The artist and director Steve McQueen recently appeared on the Today programme on BBC Radio 4 to chat about his latest art project Tate Year 3 Project which strives to capture a traditional school class photograph in each London school to represent pupils aged 7-8 (a milestone year of their development). Whilst listening to Steve I was reminded of my work in schools across the UK, formerly driving a fresh visual narrative for the highly successful Musical Futures initiative and more recently with Royal Opera House Bridge, where I was commissioned to make a celebratory portrait series of the key creative partners in the Royal Opera House Bridge’s region covering Bedfordshire, Essex Hertfordshire and Kent.
The photograph above features pupils of East Tilbury Primary School & Nursery in Essex, located right on the edge of the Thames Estuary. The pupils’ involvement with Royal Opera House Bridge was led by the Assitant Headteacher Dr Deola Emmanuel, who fostered an amazing creative writing course, in addition to the school’s regular curriculum. Although one can research and plan a portrait in great detail, sometimes some serendipity is required to allow a brief to really shine.
Deola and I had a few telephone calls prior to my visit to ensure that the school understood the more formal nature of the picture I was intending to create and also to marry a theme the pupils could relate too. Once on the ground and receiving a tour of the school, I discovered that the pupils were interpreting different emotions through written word. After finding a prime location (and adhoc space used by teachers to teach outside in good weather), I had a lightbulb moment whereby I spilt the class into different groups, each of which would act out an emotion to describe their chosen word.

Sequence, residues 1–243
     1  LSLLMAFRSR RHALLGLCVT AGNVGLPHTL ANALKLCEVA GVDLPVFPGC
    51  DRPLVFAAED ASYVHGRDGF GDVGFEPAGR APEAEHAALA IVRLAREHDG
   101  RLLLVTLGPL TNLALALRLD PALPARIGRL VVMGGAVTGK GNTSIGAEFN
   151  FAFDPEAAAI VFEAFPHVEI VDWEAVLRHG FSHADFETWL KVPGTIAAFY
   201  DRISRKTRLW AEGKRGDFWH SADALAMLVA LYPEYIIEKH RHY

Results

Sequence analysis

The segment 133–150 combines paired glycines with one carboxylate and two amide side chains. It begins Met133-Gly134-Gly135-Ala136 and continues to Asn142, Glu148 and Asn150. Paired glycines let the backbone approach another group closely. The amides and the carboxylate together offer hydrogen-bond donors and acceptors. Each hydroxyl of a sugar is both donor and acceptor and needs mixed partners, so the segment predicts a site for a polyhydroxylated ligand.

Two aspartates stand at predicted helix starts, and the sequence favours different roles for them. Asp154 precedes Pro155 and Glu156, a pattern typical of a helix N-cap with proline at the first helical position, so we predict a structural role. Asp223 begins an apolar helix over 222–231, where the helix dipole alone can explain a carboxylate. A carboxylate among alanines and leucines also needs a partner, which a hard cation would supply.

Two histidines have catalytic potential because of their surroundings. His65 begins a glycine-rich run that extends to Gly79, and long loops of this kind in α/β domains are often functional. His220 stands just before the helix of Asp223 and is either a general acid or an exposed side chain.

To ensure a truly inclusive process, I nominated two pupils who were particularly keen about photography to be my assistants. They took their roles seriously by helping setting up the lights and climbing surrounding trees to rope back stray branches that were obscuring the camera’s view. Once all set, the pupils embraced their emotions feverishly and the struck ‘right’ pose within 3 frames.
I love the formality of a classroom photograph (a truly universal portrait), not only to serve a timeline of a child’s development but also acting as a time capsule representing uniform, clothing and hairstyle trends. Having the opportunity to create a different take on the classroom photograph, whilst retaining formality, was a real pleasure to be part of.
I wish the Tate Year 3 Project success #Year3Project